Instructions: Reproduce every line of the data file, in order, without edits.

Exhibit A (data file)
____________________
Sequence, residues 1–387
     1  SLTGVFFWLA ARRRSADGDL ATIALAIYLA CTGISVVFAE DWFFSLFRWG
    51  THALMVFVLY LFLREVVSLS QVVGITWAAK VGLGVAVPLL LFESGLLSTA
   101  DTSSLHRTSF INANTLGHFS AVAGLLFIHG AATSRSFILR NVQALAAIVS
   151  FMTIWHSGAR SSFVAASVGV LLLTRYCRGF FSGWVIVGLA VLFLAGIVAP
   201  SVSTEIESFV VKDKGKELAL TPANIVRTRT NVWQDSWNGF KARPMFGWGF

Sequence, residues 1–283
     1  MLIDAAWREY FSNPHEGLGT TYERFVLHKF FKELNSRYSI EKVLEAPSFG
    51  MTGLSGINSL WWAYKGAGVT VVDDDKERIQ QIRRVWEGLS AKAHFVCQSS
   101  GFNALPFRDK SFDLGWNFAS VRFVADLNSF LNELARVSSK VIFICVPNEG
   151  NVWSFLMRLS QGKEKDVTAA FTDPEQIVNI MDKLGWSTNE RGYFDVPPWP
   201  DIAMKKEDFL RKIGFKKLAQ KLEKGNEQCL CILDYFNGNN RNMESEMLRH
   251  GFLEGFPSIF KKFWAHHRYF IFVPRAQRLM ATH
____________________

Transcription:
Sequence, residues 1–387
     1  SLTGVFFWLA ARRRSADGDL ATIALAIYLA CTGISVVFAE DWFFSLFRWG
    51  THALMVFVLY LFLREVVSLS QVVGITWAAK VGLGVAVPLL LFESGLLSTA
   101  DTSSLHRTSF INANTLGHFS AVAGLLFIHG AATSRSFILR NVQALAAIVS
   151  FMTIWHSGAR SSFVAASVGV LLLTRYCRGF FSGWVIVGLA VLFLAGIVAP
   201  SVSTEIESFV VKDKGKELAL TPANIVRTRT NVWQDSWNGF KARPMFGWGF

Sequence, residues 1–283
     1  MLIDAAWREY FSNPHEGLGT TYERFVLHKF FKELNSRYSI EKVLEAPSFG
    51  MTGLSGINSL WWAYKGAGVT VVDDDKERIQ QIRRVWEGLS AKAHFVCQSS
   101  GFNALPFRDK SFDLGWNFAS VRFVADLNSF LNELARVSSK VIFICVPNEG
   151  NVWSFLMRLS QGKEKDVTAA FTDPEQIVNI MDKLGWSTNE RGYFDVPPWP
   201  DIAMKKEDFL RKIGFKKLAQ KLEKGNEQCL CILDYFNGNN RNMESEMLRH
   251  GFLEGFPSIF KKFWAHHRYF IFVPRAQRLM ATH